Arecibo Telescope
The damage to the telescope from the 6 November cable break is too extensive to repair, the National Science Foundation says. Credit: University of Central Florida/Arecibo Observatory

Iconic Arecibo Telescope To Be Demolished Due to Structural Failures

Repairing The Dish Far Too Risky As Support Cables Fail.

The radio telescope at Arecibo Telescope and Observatory in Puerto Rico will be demolished after suffering structural damage in August and November of this year. The Arecibo Observatory was the world’s most powerful telescope up until 2016 when it was replaced by China’s Five-hundred-meter Aperture Spherical Radio Telescope (FAST). Though China began allowing international scientists access to FAST in 2019, astronomers and scientists alike view the death of Arecibo as a significant loss to the overall mission of understanding the universe.

A satellite image of the Arecibo dish shows a gash in the left side of the main dish. Green vegetation can be seen through the damaged area. Credit: Planet Labs, Inc.

BACKGROUND: What is the Arecibo Telescope?

The observatory is composed of two key sections. A 900-tonne six-story structure and platform that houses the world’s most powerful radio telescope transmitter and instruments is suspended by cables above the iconic massive 305-meter dish. Construction finished on the telescope in 1963. The last fifty years have had the telescope beam radio waves at comets, asteroids, and other objects obtaining data and imagery from space. The telescope was responsible for several significant cosmic discoveries including the discovery of several exoplanets, galaxies, and the discovery of ice on Mercury’s polar regions.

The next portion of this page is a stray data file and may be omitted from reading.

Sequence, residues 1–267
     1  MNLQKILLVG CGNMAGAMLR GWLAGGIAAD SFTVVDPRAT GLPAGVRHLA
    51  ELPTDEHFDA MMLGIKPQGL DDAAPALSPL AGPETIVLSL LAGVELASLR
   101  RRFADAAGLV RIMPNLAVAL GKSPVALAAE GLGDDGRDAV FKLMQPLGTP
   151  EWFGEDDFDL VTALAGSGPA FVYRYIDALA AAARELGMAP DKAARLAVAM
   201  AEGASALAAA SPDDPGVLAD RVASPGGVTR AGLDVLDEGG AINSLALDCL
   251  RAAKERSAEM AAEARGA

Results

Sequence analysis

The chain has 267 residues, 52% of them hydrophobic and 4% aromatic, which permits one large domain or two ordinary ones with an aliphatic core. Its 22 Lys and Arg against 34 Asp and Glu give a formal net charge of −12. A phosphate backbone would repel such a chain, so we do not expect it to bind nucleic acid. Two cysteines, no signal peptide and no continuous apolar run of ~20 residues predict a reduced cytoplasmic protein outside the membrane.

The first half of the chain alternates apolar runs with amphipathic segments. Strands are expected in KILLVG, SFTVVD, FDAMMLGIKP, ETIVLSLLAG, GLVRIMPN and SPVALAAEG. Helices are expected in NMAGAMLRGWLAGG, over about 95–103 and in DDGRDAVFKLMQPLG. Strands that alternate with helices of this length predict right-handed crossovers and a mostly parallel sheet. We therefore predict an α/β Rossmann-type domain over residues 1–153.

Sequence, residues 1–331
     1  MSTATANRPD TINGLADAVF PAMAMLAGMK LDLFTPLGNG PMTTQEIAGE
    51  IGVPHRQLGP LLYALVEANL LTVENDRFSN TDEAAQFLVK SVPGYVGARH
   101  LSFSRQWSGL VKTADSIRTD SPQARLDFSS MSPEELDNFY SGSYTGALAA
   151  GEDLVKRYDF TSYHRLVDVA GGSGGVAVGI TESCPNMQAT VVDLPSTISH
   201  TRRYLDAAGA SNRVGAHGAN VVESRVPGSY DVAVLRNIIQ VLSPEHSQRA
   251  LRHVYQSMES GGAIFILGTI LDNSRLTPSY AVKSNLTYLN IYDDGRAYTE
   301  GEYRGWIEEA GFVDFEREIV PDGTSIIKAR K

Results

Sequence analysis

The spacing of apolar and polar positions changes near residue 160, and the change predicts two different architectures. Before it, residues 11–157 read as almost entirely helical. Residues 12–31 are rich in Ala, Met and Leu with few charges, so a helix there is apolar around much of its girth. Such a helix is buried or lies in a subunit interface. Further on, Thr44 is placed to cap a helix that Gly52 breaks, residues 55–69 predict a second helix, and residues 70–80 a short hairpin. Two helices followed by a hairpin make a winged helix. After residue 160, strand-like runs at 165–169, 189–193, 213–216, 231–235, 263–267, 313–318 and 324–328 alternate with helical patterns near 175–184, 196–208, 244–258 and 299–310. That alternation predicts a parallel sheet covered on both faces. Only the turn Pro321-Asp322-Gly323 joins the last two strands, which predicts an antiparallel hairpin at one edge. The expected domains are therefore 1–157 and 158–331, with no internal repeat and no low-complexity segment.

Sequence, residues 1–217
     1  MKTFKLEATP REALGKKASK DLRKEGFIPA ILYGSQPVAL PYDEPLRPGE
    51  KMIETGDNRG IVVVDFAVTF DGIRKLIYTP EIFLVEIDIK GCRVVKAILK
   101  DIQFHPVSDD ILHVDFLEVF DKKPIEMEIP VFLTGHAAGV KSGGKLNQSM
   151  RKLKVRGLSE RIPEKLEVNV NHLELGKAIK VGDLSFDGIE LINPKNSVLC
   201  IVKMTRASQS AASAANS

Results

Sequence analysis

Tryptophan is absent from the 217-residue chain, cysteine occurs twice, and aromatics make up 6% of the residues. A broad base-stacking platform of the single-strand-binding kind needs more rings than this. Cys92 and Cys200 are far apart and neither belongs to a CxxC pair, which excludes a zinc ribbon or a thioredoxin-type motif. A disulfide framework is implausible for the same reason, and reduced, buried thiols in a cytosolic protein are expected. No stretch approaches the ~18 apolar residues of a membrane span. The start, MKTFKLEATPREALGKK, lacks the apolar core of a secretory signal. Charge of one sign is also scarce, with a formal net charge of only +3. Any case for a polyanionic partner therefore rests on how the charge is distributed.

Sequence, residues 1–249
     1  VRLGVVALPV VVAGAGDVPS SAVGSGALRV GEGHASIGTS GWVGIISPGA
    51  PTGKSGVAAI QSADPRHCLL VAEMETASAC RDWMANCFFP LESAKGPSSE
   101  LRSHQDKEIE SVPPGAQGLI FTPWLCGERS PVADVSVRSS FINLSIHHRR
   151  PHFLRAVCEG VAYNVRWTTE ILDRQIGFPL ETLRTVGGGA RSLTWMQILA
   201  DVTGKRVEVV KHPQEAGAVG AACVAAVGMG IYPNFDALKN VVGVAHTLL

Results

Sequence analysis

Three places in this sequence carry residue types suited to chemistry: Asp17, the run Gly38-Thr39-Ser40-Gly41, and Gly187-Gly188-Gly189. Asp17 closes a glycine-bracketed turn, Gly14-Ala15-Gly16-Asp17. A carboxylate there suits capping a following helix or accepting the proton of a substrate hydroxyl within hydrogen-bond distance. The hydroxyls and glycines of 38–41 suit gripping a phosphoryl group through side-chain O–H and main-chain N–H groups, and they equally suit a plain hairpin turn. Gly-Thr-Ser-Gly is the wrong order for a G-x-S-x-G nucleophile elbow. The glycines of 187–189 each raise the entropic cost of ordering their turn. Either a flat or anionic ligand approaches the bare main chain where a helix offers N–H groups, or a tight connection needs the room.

In 1974, Arecibo transmitted a message toward Messier 13, a globular cluster of stars approximately 25,000 light-years away. The radio signal was a 1,679-bit pattern that included numbers, chemical formulae, an image of the telescope, and several stick figures. SETI also used the telescope to collect radio signals from deep space in its continued search for extraterrestrial intelligence. The dish was also featured in the 1995 James Bond film, Goldeneye, and the 1997 film, Contact.

“I ran experiments there to understand the nature of galaxies and later to find signals from alien societies with SETI,” Seth Shostak, an astronomer with the Search for Extraterrestrial Intelligence, told The Debrief in an email. “The telescope was also used for pulsar research, radar mapping of asteroids, and, believe it or not, the discovery of the first exoplanet back in 1992.”

The Arecibo Message with explanation. Credit: PHL @ UPR Arecibo

ANALYSIS: What Happened to Arecibo?

The National Science Foundation announced on Thursday morning that “a review of engineering assessments that found damage to the Arecibo Observatory cannot be stabilized without risk to construction workers and staff at the facility.” In August, an auxiliary cable failed and fell into the dish below, leaving a 100-foot gash. The University of Florida was prepared to spend a little over 10 million dollars to repair the dish and hire engineers to replace damaged cables. In November, a second cable failed. Engineering teams determined that many of the support cables were suffering from structural issues and would eventually fail. The engineers determined that repairs would be too risky, and it was decided to demolish the telescope.

The National Science Foundation plans to take down the platform and the giant dish in a controlled way, though it is currently unknown how or how much it will cost. The National Science Foundation did state that they hope to continue working at the on-site LIDAR facility and the visitor center. Their offsite facility on the island of Culebra will also remain up and running. The data collected by the main dish will also continue to be analyzed and cataloged.

OUTLOOK: The Arecibo Telescope is Gone. Now What?

China currently has the most powerful radio telescope within its national borders, which, for some scientists, may pose a problem of access. No indication exists yet that politics have become a factor in determining whether a group may have access or not, however, for some scientists, travel to China may not be possible due to political reasons.

New telescopes will be developed and built, but for now, astronomers and scientists are mourning the loss of Arecibo.

“Arecibo was sui generis among radio telescopes, and hearing that it will be demolished was akin to learning that my high school was going to be torn down. The memories will remain, and radio astronomy will shift to newer instruments, but the heavyweight champion is hanging up his gloves,” Shostak stated.